As I stated in my post, that in my experience across multiple industries, having worked for the big four consulting, a top 5 U.S. National Bank , Aerospace, and local government, I have always been in a role as project manager to make strategic decisions. Many of my colleagues, share the same experience.

      I will not say that my experience negates yours of vice versa however I will state that from my position, in today’s business landscape, there is a trend in this direction. We are developing a survey that will span 100 countries and over 25,000 project managers and executives which we expect to validate this. We will happily share the findings.

  2. Hello admin how are you doing?
    I read your post about Hey Project Manager, are you a more of a Jedi or a Stormtrooper?.
    I really like your post and also the other posts you have on your blog. You’re sharing a really good information for project managers.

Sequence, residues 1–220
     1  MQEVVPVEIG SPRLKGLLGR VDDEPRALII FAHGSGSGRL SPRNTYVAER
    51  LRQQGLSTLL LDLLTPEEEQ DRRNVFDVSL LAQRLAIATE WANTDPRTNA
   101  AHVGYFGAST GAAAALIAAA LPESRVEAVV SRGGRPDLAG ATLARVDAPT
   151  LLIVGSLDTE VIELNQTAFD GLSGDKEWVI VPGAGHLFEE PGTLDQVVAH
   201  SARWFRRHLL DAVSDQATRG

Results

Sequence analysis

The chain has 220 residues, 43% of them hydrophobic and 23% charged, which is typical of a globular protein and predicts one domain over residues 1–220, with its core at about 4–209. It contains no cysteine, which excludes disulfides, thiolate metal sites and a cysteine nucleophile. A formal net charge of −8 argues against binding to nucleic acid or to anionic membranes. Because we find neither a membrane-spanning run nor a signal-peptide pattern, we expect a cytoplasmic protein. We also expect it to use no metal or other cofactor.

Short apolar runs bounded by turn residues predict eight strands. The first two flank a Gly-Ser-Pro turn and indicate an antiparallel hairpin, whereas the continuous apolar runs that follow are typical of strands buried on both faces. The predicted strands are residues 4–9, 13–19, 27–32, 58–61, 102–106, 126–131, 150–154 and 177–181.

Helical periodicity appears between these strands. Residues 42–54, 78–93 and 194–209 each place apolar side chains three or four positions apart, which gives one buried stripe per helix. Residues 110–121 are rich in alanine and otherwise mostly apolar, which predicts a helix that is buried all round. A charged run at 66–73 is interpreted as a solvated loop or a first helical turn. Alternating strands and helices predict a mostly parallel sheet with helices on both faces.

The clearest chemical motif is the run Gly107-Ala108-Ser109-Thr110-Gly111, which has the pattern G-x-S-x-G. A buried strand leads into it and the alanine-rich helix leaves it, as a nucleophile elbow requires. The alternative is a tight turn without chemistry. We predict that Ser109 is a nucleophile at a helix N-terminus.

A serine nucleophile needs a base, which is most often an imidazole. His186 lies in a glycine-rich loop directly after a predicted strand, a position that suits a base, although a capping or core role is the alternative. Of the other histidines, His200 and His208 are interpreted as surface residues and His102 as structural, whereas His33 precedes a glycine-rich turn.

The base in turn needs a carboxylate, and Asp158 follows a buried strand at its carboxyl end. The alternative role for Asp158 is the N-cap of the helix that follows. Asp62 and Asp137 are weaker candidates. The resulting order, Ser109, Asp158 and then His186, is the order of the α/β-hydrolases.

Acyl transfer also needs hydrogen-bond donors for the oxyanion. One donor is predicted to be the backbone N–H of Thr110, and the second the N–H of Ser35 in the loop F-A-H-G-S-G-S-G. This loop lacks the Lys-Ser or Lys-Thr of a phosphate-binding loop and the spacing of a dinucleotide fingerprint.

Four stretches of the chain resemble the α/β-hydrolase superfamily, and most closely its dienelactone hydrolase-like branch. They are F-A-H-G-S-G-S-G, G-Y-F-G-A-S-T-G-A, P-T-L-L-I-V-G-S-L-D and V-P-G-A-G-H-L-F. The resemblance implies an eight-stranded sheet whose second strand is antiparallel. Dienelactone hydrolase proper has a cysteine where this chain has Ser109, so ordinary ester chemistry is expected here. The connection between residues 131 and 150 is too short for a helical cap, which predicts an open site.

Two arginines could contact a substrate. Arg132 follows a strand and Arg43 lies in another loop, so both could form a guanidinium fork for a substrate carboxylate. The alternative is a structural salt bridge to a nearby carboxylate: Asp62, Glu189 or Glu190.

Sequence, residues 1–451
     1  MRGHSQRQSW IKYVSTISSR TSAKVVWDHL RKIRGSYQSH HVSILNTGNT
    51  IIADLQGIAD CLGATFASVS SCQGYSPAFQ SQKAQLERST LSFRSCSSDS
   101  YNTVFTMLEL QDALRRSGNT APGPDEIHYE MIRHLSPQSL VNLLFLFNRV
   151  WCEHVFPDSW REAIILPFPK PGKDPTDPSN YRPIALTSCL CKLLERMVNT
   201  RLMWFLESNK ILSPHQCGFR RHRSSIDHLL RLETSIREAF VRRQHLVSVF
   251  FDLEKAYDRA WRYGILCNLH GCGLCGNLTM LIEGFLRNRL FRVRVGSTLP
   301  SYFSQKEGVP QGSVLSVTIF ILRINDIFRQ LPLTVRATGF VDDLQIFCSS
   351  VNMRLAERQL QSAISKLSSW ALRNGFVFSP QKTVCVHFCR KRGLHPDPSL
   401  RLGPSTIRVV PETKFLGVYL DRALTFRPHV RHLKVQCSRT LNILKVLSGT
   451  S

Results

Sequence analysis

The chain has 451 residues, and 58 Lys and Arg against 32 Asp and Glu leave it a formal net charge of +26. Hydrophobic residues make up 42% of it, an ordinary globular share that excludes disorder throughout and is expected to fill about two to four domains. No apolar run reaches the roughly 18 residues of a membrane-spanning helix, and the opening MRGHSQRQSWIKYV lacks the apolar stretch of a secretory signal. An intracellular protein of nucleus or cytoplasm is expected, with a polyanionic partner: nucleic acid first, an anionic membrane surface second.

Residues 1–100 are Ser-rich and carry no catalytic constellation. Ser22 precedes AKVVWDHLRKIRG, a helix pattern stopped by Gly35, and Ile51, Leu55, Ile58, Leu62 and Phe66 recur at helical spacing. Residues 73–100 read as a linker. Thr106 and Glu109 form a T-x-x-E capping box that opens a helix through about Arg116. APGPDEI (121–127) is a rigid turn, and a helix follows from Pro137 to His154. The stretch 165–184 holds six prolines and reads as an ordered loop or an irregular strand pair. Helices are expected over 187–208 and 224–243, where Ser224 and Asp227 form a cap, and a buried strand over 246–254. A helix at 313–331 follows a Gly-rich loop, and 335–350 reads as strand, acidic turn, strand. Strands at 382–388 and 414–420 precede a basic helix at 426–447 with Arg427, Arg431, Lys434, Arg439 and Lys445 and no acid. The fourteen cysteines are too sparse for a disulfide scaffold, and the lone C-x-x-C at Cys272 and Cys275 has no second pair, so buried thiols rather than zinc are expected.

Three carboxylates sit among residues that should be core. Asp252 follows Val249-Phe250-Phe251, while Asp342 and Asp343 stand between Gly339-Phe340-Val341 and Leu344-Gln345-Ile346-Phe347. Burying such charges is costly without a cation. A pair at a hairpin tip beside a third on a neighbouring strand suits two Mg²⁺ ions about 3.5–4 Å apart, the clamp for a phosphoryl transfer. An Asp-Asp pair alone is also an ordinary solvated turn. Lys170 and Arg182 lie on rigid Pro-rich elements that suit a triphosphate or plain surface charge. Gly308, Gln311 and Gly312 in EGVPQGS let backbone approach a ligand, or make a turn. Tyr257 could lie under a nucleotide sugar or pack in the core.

3. I see the metaphor or the analogy a bit elsewhere. I watched Star Wars IV. New Hope, in 1979, aged 5 in a local cinema that is now long defunct in my home town, in very communist Poland. A childhood determining event. First of all, we need to compare what is comparable. The Storm Trooper are just rank and file soldiers and Jedi are an elite order of monks-warriors, something like Shaolin. The decades long opposition is between the Jedi and the Sith. There is a duality between them, they both exploit the strengths and weaknesses of the other. The Sith are a kind of an absolutist bunch, with all or nothing, good or bad, with-me-or-against-me me mentality, as described by Obi-Wan: “Only a Sith deals in absolutes”. Now, Jedi are based upon a philosophy which is a kind of mixture of eastern Zen and ancient stoicism. It’s a nice philosophy, and I am definitely a Jedi. The phrase: “Do. Or do not. There is no try” has always guided me. But there is a but. Jedi are a story of peace and of failure (the last three episodes are pretty much about that). The stoicism philosophy has actually produced Darth Vader, through the prohibition of emotions (the middle three episodes are pretty much about that). Which Palpatine was able to exploit. Luke was at his best when he integrated his teachings and his instincts, even if some of his emotional reactions were not accepted by his masters. He prematurely left his simulator training on Degobah for the field action in the Cloud City. The lessons from this are, in my view: do not follow any philosophy – or methodology – blindly and religiously and take into account the feelings, both those of stakeholders, your team and your own. Fail that, and you will face the Sith.